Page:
Bishop. Hal D. Patton. J. H. Albert
and John Bayne were railed on for
brief addresses. Louis Lachmund
chalrman .for the county, called the
meeting, which was presided over
by Charles R. Arcberd. Frederick
Schmidt delivered the. principal
speech. 1. E. McCroskey, the new
manager of the Salem Commercial
clnb. told of the work done T)y the,
Washington State Chamber of Com
merce. - '
"If we have learned nothing else
by this war .we have been' taught
that team work pays." said Mr. Mc
Croskey.' "If we hadn't had It we
would never have bought liberty
bonds and war saving stamps and our
boys would have had to come home
We worked together and boosted
We should continue to kee? up that
Mr. Schmidt, who is a. member of
the state board of directors, an
swered questions for the committee
members, pointing out the Individual
benefits to this community. ! He said
that Silverton. Mount Angel . and
Scotts Mills have alreadv raised their
share, of the money needed to back
the organization and read a letter
from Jphn'L. Etheridge, state chair
man of the membership committee
In which he mentioned that be
trusted Salem 'Is meeting with suc
cess and "that we may have favor
able telegraphic reports from Mar-
foi -county during the ; week and
learn that it has rone over the top
by Saturday night-
Calling on the Salem business men
to give $5 each toward the cause
Mr. Schmidt explained that It as
not a donation or a charity matter.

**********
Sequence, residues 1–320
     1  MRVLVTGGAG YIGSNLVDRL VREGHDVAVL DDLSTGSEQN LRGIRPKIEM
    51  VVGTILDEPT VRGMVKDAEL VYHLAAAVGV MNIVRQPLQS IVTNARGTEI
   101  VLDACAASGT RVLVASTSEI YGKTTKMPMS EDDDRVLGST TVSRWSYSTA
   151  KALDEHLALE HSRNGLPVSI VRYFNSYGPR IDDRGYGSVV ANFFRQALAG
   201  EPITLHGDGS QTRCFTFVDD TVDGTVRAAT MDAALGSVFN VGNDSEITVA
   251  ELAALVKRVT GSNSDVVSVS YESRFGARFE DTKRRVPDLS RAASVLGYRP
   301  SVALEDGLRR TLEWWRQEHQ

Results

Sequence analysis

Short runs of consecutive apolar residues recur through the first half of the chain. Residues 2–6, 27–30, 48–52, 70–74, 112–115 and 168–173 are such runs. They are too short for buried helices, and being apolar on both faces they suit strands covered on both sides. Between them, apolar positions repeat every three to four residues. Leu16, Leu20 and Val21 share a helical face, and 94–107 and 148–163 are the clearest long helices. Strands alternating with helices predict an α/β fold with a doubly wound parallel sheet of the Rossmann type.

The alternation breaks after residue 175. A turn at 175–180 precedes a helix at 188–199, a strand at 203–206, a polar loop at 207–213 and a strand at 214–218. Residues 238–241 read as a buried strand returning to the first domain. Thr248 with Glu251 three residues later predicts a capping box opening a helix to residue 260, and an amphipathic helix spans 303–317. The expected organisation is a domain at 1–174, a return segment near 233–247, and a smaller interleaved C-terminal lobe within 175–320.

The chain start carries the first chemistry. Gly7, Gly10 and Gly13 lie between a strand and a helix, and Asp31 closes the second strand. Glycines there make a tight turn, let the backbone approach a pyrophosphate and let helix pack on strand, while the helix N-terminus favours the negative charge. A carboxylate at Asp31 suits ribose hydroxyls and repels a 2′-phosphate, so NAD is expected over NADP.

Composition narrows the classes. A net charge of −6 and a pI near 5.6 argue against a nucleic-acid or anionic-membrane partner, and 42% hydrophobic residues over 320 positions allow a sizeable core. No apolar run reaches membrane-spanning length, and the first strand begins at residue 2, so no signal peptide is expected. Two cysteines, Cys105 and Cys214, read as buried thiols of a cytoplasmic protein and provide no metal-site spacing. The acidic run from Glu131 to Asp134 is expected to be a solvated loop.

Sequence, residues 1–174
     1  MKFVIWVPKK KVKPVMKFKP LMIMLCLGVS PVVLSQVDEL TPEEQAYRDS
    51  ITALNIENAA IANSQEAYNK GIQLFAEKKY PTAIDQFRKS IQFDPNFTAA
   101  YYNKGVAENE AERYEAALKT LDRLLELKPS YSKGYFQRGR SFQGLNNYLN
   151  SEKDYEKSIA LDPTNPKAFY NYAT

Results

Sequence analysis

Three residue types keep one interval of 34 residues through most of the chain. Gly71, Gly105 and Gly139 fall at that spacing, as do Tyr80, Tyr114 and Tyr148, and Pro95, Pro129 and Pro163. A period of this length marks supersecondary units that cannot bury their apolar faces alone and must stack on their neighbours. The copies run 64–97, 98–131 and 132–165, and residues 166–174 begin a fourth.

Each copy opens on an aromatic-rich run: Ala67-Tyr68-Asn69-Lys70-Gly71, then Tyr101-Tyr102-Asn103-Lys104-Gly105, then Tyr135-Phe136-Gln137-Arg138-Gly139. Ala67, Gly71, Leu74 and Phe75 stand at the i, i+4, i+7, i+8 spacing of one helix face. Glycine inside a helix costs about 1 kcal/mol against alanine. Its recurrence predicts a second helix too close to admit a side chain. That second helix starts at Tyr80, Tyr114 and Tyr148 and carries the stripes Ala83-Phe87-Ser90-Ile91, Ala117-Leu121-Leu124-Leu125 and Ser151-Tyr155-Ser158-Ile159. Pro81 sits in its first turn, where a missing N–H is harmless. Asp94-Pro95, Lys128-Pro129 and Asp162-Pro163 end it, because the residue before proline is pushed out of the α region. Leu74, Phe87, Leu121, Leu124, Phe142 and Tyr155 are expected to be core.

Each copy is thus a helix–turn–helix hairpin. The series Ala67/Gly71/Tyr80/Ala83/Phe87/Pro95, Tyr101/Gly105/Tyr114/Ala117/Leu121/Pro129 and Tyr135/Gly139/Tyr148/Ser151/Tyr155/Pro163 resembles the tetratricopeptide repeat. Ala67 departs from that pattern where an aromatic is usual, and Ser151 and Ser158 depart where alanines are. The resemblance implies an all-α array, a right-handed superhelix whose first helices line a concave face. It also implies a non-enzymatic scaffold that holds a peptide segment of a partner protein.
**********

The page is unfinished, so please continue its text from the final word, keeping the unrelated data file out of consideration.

but a plain business proposition. He
showed the advantages that Salem
wll have with its five delegates. It
nearness to state headquarters. Its
directors on the board. Its various
appointments on Important commit
tees such as F. G. Deckebach on the
dairy committee and R. C. Paulus.
chairman on the one of horticulture.
"The chamber has no connection
with politics," he declared. "Its or
ganizers have taken pains so that no
office holder or legislator has been
named to serve on any but the mem
bership committee.
"It is. strictly a business organ
ization founded for the purpose of
making Oregon a greater communi
ty." Particular advantages, he said, to
this community would be in aid git
en In securing pickers frr crops, sup
port of Willamette valley drainage
projects and advertising for the sec
tion through the exhibits and liter
ature to be given out to new settlers
at state headquarters.
Work will probably begin Monday
to secure $2600 Salem must send